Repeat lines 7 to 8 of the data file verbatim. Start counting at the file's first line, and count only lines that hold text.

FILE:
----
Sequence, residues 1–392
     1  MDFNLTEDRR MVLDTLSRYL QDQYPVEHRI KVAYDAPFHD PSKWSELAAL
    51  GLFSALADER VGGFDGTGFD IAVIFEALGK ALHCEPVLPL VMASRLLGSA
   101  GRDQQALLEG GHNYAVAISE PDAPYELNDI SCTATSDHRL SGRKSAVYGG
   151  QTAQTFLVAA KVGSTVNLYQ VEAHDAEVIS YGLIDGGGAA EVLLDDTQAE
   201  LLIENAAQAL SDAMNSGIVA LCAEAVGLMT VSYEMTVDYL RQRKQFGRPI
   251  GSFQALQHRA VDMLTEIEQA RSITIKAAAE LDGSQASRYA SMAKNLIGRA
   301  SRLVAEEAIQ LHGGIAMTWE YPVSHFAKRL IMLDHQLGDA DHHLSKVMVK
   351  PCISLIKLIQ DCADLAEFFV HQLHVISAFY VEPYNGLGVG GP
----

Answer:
   251  GSFQALQHRA VDMLTEIEQA RSITIKAAAE LDGSQASRYA SMAKNLIGRA
   301  SRLVAEEAIQ LHGGIAMTWE YPVSHFAKRL IMLDHQLGDA DHHLSKVMVK